One of the most appealing aspects of architecture for me is the response to an environment – how the placement, form and materials work with (or against) a site, and how these factors influence the intended use. Structures built in challenging environments demand more specificity, however these constraints can often yield results that are not only functionally suited to local conditions, but are also beautiful in their form.
Enter Waitpinga House, a recent residential house project in South Australia by Mountford Williamson Architecture. The siting of the elegant yet understated structure places it harmoniously into the surrounding countryside – the seemingly utilitarian materials sit effortlessly on the site and provide a firm and contemporary nod to traditional local farming structures. I’m particularly drawn to the multi-purpose ‘breezeway’ that the house is centred around – knowing how welcome respite from the heat can be in that part of the country, the ability to bring the outside in and vice-versa whilst still enjoying the building is a brilliant solution.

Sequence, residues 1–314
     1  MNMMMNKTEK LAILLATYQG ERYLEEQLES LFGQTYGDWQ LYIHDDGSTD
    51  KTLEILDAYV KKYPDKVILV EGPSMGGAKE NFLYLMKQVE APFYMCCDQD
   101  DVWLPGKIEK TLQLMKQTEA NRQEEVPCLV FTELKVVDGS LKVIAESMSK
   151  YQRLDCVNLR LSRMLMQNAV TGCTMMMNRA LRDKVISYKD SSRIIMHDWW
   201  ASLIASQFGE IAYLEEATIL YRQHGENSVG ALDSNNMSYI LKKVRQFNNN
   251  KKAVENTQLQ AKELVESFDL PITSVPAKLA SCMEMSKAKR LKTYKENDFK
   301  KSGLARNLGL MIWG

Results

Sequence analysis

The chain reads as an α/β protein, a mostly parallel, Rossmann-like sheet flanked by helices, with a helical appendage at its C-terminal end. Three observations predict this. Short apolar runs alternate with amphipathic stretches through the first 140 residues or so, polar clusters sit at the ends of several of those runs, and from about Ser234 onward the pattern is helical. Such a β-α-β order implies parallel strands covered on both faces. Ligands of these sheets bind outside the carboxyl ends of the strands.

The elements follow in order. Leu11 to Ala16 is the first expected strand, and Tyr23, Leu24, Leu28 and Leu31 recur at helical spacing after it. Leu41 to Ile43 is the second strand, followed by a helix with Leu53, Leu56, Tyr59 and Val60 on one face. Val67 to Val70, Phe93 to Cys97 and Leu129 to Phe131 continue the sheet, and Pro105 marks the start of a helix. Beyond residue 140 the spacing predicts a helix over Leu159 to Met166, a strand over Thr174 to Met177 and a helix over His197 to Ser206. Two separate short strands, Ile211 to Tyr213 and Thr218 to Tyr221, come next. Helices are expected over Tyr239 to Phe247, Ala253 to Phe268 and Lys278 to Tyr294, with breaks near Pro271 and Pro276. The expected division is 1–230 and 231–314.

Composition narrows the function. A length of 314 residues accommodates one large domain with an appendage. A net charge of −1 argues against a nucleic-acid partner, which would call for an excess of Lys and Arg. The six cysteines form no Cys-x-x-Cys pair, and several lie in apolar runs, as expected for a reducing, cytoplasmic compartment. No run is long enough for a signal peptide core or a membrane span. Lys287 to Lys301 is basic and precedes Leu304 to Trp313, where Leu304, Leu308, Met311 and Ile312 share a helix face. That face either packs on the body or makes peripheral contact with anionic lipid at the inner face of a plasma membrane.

A beautiful building in a beautiful country.